What do you think when you see this picture to the left?
I had the axe on the left of the picture (a Gränsfors Bruks Scandinavian Forest Axe, a great axe!) delivered to my office a few years ago. It was to be used in the bush for wood craft and preparing firewood – just pretty regular axe stuff. Only one guy in the office recognised it as a tool, everyone else regarded it as a weapon. This has stayed with me ever since as something very sad. Thousands of years of human craftsmanship forgotten. Not many years ago most people would have contact with cutting tools in their work or at home to chop firewood but in a very short time we’ve moved to a place where people regard them with suspicion as they’re outside their experience.
We naturally distrust things which don’t fit our idea of what is “normal”. The cycle goes something like this: We don’t use this thing therefore we don’t understand it. We don’t really understand why anyone else would want one – it looks pretty dangerous. We’re scared by it. On the rare occasions these tools are used for violence this confirms everything we thought was not “normal” about them. They’re probably even more dangerous than we imagined. We are more scared than before. It would be better for everyone if they were banned.
Of course this same cycle leads us to hold ideas about a whole range of things, things we don’t really understand, things different from what we do. Humans have the benefit of thought and reasoning but most of these ideas haven’t had much of either! They spring from an instinctive reaction. Unfortunately much as our instinct is to ignore, change or banish these differences this will never work. The only way forward is through education, understanding and tolerance towards others ideas, beliefs and customs.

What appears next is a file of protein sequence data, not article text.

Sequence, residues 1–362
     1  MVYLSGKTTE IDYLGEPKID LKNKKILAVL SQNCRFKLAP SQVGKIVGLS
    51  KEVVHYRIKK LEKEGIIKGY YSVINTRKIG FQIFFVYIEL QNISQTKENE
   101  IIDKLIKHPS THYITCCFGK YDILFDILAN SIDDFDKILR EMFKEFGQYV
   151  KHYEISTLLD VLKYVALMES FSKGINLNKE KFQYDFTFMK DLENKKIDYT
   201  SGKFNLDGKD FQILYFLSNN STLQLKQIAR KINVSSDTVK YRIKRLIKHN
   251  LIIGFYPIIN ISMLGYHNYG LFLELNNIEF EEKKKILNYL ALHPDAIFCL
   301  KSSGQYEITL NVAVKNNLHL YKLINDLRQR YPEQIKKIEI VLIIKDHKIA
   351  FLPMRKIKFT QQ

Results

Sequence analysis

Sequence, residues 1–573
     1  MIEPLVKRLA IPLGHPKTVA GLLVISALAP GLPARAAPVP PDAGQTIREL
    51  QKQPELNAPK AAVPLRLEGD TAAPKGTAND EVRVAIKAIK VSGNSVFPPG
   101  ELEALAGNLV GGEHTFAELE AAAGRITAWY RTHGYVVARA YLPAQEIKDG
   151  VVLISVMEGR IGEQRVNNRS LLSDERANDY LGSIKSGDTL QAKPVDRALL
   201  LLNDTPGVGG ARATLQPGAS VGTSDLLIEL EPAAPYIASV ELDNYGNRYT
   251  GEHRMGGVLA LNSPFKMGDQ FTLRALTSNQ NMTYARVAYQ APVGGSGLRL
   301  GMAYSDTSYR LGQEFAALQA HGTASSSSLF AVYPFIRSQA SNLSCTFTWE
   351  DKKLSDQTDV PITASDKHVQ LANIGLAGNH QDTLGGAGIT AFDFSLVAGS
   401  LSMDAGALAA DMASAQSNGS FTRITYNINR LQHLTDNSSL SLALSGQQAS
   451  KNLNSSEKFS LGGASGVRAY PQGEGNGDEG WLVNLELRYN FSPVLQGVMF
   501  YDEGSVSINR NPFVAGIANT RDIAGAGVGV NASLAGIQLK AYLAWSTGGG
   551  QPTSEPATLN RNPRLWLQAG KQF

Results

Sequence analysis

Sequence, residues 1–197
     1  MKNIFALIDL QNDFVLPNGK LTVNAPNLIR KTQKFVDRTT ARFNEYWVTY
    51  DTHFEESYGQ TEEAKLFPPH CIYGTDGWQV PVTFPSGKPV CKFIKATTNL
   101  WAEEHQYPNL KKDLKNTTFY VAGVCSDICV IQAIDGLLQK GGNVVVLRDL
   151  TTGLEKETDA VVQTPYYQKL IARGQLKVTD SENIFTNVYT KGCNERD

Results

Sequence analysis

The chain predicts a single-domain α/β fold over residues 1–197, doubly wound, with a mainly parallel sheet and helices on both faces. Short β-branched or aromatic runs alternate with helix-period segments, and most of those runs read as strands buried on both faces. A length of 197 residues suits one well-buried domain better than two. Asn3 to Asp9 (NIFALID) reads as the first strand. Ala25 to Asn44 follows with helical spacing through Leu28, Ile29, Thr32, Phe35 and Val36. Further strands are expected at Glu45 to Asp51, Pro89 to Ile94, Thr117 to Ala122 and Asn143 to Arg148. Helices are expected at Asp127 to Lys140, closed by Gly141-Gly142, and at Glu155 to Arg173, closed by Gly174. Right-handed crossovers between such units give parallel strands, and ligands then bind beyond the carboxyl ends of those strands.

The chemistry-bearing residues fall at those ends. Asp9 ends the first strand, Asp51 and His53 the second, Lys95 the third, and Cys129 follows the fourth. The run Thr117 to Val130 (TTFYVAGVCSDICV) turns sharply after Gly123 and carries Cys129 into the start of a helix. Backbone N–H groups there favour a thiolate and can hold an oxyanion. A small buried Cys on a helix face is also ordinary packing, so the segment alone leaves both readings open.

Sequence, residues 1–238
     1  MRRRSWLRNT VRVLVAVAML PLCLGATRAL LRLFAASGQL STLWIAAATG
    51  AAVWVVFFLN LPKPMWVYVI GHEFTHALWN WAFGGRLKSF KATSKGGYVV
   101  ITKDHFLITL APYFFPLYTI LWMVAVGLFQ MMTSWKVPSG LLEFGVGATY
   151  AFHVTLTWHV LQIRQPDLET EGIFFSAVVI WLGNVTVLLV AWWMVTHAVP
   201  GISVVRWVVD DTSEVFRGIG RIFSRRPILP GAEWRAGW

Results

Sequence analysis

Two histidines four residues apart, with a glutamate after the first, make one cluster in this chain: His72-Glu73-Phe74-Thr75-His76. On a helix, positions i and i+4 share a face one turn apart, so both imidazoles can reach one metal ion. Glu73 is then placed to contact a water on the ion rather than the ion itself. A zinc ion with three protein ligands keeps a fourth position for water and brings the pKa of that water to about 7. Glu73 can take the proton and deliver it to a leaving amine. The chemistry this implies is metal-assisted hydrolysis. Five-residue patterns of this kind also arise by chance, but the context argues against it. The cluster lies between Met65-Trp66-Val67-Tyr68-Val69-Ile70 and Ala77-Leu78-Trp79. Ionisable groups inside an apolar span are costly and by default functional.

I believe anyone involved in an expedition has an incredible opportunity. An opportunity to promote education and understanding and play a part, however small, in smoothing out the differences which so often cause friction in the world. Only by bridging the gap between people with real or imagined differences can both realise that they are basically the same.
I think this is much easier if you strip away some of the layers of technology which insulate us from the world. A great way to do this is to take a step back from the 21st century and learn some primitive wilderness skills. For anyone not sure what I’m talking about, these are the kind of skills practiced by our ancestors, skills which allow us to work with nature rather than to tame it. To simplify your kit and to know you can forage for food and make all you need gives an incredible confidence.
As a society we have lost touch with the earth and with these skills that have been used for the greater part of human existence. I truly believe this connection is more important than we realise. By learning how to work with natural materials you can reforge the link to nature and just as importantly to the people in the world who still use these traditional skills in their every day life. What an amazing thing – to share understanding, share skills and break stereotypes.
Being able to navigate and travel confidently are important but learning to improvise and repair kit using natural materials, to make fire without matches or a lighter, to find food, water and shelter will take your confidence to a whole new level. This confidence allows you to become less reliant on modern clothing, kit and gadgetry and peel away another layer of difference between you and the majority of people in the world who can’t afford this clothing, kit and gadgetry!
Whatever you do, whether in expeditions or in everyday life, make connections with people and with the earth. Understand differences and educate others. On a personal level you’ll never regret it and you never know, it might just make the world a better place.
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